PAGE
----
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28 Feb 2019

A patchwork of colour

Each autumn, visitors flock to the Blue Mountains Botanic Garden Mount Tomah to witness the soothing green oasis transform into a patchwork of rusty reds, coppery browns, oranges and yellows, as the trees put on a dazzling display.

Adding further warmth are smiling faces of visitors as they feel the leaves crunch under foot or watch children play in piles of leaves higher than they are tall.

With Sydney’s climate being less than favourable for deciduous trees from cooler climates, it’s no wonder green-thumbs travel to the mountains in search of the perfect seasonal selfie, framed in a halo of soft autumn light.

blue mountains botanic garden, mount tomah. maple trees, autumn colours
A golden Acer palmatum cultivar in the Brunet Garden.

Behind the scenes

A tremendous amount of work goes into planning, curating and presenting the backdrop for those insta-worthy selfies. Before the gates open each day, horticultural staff blow and rake innumerable leaves, clearing them from other precious plants, while leaving a carpet of fallen foliage to hint at the colourful canopy above.

Since the last leaf floated to the ground the previous year, beds have been mulched, weeds pulled, and soil ameliorants applied.

Our dedicated arborists have inspected each tree numerous times and pruned them to improve tree health and aesthetic. Only the most eagle-eyed visitors would notice the recent cuts left by the arborist climbers, whose formative pruning and deadwood removal show off the beautiful branch architecture, as icy south-westerly winds strip away the last of their crispy, chlorophyll-less leaves.

blue mountains botanic garden, mount tomah. maple trees, autumn colours
Visitors flock to the Blue Mountains Botanic Garden Mount Tomah.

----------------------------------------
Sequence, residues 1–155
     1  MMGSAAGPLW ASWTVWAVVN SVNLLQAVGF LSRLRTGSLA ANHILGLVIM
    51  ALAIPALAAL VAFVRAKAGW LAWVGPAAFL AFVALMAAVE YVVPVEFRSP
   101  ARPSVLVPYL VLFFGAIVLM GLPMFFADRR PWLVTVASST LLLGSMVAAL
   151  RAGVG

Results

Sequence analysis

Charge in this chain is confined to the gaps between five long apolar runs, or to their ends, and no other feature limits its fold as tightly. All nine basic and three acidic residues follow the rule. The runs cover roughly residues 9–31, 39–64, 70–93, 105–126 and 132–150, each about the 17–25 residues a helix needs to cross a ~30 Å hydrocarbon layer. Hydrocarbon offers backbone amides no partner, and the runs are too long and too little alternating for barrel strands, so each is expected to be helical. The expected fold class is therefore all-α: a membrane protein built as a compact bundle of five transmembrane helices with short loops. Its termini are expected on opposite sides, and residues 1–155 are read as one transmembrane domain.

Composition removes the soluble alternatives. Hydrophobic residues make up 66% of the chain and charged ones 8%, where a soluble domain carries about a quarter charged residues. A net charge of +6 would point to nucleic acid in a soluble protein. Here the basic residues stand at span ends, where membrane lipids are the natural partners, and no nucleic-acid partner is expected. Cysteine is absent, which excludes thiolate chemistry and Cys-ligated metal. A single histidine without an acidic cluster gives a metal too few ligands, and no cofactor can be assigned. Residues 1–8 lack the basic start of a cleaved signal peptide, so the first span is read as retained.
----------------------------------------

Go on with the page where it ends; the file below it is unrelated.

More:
The collection

A team of horticulturists, arborists, and plant mapping officers, led by Director of Horticulture, Jimmy Turner, and Curator Manager, Greg Bourke, have been working hard on the planning and development of the tree collection. The monumental task of stocktaking and re-surveying the trees helps to identify opportunities to strengthen collections of certain genera, plays a greater role in global tree conservation and ensures the tree population can develop and mature for future generations to enjoy.

Already this work is yielding exciting curatorial projects, the most notable being the development of the maple collection (the genus Ac­er). Our maple collection isn't just a visitor favourite, it's one of the best collections in the country, if not the southern hemisphere.

blue mountains botanic garden, mount tomah. maple trees, autumn colours
A patchwork of rusty reds and golden yellows.

New additions in 2019

One only has to stroll through the Residence Garden to notice the multitudes of Japanese Maple (A. palmatum) cultivars serving up an incredible palette of seasonal colour, from the moment buds burst with spring growth, to their autumn display.

Recently the Garden was fortunate to obtain an amazing selection of maples from one of Australia’s well known modern plant collectors, Peter Teese of Yamina Rare Plants. These new additions to the collection include 89 A. palmatum cultivars and several species that weren’t already in the collection. 

blue mountains botanic garden, mount tomah, autumn colours, maple trees
Take a road trip from Sydney to the Blue Mountains to see a dazzling display of colour.

Make it a road trip

Be on the lookout for some truly interesting additions to the Garden over the coming years and hopefully your autumn visit to the Blue Mountains Botanic Garden Mount Tomah and the warming autumnal hues of its acres of Acers will prolong your foreboding of winter.

The road trip from Sydney to the Blue Mountains is exceptionally beautiful this time of year and can be a romantic getaway or a day filled with family friendly activities. Check out the Blue Mountains Road Trip interactive map here to plan your next trip. 

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